For the 2019 cycle of the Project Rooms, curated by Cloé Perrone, the Foundation presents three young international artists: Sophia Al-Maria, Caroline Mesquita and Rebecca Ackroyd.
None of these artists can be called a sculptress; each one uses the artistic medium within a multidisciplinary practice, expanding the definition of sculpture itself. Not treating it as a result but as a process, sculpture becomes a tool for building spatial environments of various kinds. The 2019 Project Rooms deal with issues of contemporary life and socio-cultural phenomena such as misogyny, apocalypse and national identity.
The installations, sculptures and drawings by Rebecca Ackroyd (1987, UK) mix the brutality of the urban environment with the dream world, in a balance between everyday life and pure imagination. At first glance, her installations appear raw and brutal spaces, but gradually, they become places of protection and rescue. Her work is based on the principle of inclusion: amalgamating ideas and processes, the artist builds new visual and conceptual connections, also emphasizing the importance of the unknown.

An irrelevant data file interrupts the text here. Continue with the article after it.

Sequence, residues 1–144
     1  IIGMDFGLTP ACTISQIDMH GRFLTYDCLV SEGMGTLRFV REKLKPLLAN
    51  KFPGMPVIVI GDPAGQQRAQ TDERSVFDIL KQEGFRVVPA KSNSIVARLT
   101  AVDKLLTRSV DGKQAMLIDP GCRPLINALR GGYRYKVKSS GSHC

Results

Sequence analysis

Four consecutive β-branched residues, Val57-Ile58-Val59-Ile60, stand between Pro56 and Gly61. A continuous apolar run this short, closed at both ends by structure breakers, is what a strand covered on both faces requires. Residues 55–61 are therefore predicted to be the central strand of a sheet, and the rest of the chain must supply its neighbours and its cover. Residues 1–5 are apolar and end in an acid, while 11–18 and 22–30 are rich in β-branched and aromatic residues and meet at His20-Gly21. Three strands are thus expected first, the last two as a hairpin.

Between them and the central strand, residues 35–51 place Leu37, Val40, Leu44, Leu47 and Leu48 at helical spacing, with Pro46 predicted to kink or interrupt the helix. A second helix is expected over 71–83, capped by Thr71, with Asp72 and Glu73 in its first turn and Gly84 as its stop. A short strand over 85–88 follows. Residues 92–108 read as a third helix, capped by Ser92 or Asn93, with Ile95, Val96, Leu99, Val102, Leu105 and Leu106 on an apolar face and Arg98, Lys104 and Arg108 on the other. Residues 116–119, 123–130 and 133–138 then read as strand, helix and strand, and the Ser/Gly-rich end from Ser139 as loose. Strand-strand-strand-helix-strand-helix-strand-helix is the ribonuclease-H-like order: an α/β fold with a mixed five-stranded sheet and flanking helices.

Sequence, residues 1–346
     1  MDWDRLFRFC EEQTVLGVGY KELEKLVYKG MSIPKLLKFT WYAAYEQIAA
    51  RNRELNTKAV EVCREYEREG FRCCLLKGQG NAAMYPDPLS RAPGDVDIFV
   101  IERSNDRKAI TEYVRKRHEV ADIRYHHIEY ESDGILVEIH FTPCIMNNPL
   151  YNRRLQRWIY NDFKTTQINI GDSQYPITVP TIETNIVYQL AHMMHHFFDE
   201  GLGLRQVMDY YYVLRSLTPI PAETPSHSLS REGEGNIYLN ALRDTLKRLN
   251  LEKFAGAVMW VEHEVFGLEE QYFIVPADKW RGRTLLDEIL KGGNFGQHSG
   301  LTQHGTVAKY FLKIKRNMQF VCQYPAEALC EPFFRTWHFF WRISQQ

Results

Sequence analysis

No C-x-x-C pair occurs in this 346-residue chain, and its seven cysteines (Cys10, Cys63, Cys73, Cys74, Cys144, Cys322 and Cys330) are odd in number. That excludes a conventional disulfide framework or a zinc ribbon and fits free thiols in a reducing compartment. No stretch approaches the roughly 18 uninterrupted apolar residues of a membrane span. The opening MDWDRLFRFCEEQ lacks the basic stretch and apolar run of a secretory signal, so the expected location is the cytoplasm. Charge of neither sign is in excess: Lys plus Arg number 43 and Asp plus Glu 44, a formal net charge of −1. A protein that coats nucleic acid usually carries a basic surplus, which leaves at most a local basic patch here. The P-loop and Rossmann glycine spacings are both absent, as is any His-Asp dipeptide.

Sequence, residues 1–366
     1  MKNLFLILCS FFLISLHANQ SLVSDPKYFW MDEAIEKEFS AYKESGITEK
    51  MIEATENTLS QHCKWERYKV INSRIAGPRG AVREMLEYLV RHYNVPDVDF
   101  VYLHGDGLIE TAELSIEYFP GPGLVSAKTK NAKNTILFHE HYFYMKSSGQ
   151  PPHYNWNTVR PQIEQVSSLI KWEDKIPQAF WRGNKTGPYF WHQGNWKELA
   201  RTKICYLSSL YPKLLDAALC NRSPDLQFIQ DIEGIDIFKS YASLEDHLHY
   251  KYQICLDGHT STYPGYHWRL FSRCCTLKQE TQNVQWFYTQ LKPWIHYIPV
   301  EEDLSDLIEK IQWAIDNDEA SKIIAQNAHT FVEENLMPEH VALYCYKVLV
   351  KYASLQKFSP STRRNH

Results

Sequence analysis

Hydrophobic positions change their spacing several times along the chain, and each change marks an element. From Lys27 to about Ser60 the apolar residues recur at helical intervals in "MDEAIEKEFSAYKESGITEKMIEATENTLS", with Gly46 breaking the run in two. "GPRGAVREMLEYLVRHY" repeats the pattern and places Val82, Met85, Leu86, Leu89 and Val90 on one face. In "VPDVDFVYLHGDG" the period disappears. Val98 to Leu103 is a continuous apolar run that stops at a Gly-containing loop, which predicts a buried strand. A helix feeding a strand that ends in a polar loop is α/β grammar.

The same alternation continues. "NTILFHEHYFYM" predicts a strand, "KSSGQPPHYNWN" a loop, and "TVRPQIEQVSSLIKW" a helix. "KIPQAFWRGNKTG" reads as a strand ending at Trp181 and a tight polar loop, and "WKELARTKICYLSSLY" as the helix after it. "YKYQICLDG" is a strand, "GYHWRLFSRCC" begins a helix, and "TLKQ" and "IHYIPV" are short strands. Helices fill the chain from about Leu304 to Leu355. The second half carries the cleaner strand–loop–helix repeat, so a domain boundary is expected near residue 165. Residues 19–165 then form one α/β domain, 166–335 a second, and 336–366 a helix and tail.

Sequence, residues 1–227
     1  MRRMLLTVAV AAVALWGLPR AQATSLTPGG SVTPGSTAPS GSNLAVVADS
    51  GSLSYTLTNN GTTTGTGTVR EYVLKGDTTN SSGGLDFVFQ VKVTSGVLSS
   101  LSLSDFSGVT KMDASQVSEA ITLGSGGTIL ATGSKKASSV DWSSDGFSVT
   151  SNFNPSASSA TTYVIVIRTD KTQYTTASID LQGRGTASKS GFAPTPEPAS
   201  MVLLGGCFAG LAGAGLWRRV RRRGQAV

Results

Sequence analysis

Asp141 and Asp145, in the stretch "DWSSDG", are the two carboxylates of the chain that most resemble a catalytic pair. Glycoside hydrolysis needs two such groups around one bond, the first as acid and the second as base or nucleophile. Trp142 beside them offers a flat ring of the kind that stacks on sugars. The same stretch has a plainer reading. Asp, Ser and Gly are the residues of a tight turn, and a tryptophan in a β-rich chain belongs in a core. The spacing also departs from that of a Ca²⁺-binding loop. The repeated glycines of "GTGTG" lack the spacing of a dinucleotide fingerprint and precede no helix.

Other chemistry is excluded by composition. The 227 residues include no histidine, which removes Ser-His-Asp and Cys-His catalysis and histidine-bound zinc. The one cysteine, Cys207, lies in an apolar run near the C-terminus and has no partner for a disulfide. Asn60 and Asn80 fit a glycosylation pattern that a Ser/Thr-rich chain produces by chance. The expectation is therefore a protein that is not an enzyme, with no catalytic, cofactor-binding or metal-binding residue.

The concept of belonging, and especially that of national identity determined by the place of birth and the sharing of the feeling of nationality, are recurring themes in her artistic practice. Her sculptures reflect on one side his family relationships, especially that with his mother, and on the other, a more general view: images of flags, contraceptive pills, flowers, spaces in which the artist manages to intersect different contents.
Working with different, unrelated contexts, Ackroyd creates shapeless narratives where individual confusions make their way into global experiences.
Fondazione Arnoldo Pomodoro, via Vigevano 9, Milan | Italy